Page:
Giant Penguin Fossils Found In Antarctica
Paleontologists from the Natural Sciences Museum of La Plata Province, where Buenos Aires is located, made their discovery at the start of a summer expedition to Antarctica. Apparently the fossils indicate that this flightless bird stood taller than most people, at around 6 feet 5 inches.
Wow! Imagine looking up to see a penguin staring down at you!
“This is the largest penguin known to date in terms of height and body mass,” said researcher Carolina Acosta, who noted that the record had been held by emperor penguins, which reach heights of 1.2 meters (4 feet) tall.
Lead researcher Marcelo Reguero added that the find, announced Tuesday, will “allow for a more intensive and complex study of the ancestors of modern penguins.”
The team of researchers plans to return to the same location during Antarctica’s next summer to search for more fossils from this newly discovered species, in addition to studying its anatomy, how it might have moved around and what color plumage it might have sported. Past studies have revealed reddish brown and grey coloring, unlike the black and white of today’s penguins.
The scientists from the Natural Sciences Museum believe that the fossils date from the Oligene Epoch (about thirty-four million years ago), when the world was warmer than it is today. Antarctica was surrounded by water, but times were changing so that, for the first time in hundreds of millions of years, ice sheets began to form. Eventually the permanent ice that we see today covered the South Pole.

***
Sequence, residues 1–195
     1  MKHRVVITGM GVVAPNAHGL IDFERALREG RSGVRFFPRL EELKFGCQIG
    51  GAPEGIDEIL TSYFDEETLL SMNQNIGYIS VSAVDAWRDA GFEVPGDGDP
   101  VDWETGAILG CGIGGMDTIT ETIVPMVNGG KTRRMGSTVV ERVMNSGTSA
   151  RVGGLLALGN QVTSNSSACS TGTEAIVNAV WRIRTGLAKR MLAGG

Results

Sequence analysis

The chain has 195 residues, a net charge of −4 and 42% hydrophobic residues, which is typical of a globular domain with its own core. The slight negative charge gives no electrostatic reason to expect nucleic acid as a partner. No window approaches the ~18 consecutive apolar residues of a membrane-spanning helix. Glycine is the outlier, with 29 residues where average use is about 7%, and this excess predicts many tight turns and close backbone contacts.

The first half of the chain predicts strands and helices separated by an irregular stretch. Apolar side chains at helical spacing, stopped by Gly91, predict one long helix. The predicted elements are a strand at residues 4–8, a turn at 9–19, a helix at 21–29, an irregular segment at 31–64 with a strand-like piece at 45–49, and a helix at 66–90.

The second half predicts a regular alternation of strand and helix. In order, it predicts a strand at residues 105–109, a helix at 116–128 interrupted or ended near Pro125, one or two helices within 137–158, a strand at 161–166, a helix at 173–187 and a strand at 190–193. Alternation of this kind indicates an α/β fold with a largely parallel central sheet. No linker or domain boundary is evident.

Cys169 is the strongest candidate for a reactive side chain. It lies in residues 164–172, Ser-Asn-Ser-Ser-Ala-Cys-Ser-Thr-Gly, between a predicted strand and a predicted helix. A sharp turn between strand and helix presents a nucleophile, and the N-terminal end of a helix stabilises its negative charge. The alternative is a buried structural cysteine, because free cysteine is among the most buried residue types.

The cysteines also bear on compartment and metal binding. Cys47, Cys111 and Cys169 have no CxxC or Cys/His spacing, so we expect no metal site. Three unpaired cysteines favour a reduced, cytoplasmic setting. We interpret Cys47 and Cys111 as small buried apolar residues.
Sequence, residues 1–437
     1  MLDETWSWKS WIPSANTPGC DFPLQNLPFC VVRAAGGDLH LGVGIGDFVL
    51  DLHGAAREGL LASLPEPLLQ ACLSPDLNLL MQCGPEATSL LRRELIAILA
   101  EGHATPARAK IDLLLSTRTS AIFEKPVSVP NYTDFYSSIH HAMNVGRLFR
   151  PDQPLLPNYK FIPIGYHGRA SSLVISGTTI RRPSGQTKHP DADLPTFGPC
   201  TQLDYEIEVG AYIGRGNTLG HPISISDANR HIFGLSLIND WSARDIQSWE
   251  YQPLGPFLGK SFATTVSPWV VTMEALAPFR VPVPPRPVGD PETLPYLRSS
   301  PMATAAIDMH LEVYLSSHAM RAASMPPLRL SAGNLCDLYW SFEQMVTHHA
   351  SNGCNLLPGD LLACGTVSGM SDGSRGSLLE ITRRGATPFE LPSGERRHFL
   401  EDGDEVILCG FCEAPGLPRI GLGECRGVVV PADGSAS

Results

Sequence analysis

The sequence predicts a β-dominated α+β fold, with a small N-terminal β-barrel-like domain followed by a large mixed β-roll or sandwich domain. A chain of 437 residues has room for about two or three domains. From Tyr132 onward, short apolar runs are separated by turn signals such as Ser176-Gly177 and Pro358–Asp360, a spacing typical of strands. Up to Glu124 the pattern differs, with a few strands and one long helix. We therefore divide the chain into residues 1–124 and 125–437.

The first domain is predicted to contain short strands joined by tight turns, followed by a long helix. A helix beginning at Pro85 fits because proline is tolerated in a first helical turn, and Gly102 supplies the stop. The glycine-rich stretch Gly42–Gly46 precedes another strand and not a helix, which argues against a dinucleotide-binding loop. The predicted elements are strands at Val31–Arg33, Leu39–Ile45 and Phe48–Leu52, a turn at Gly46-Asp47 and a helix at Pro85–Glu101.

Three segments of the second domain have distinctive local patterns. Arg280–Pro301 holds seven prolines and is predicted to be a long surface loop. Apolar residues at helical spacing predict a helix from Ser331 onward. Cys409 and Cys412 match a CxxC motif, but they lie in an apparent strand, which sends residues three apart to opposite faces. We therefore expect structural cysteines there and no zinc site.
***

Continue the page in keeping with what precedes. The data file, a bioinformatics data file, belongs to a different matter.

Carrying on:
This is the second major discovery related to penguins this year.
From Everything Dinosaur:
Earlier this year, scientists from the Ashoro Museum of Palaeontology (Japan) uncovered the fossils of two new species of prehistoric penguin from the Waitaki region of New Zealand. One of these species Kairuku grebneffi, was estimated to have stood nearly five feet tall (1.5 metres) and may have weighed as much as 130 lbs (60 kilogrammes). At the time of this discovery, this species was declared the largest known in the fossil record, but this new discovery from Antarctica indicates an even larger prehistoric flightless bird.
Last summer, Care2′s Cathryn Wellner reported on the decline of at least 13 species of penguins, including two species of Antarctic penguins: the Emperor and the Chinstrap.
With these new discoveries, perhaps paleontologists will gain invaluable information about penguins that may help to protect them in the future.
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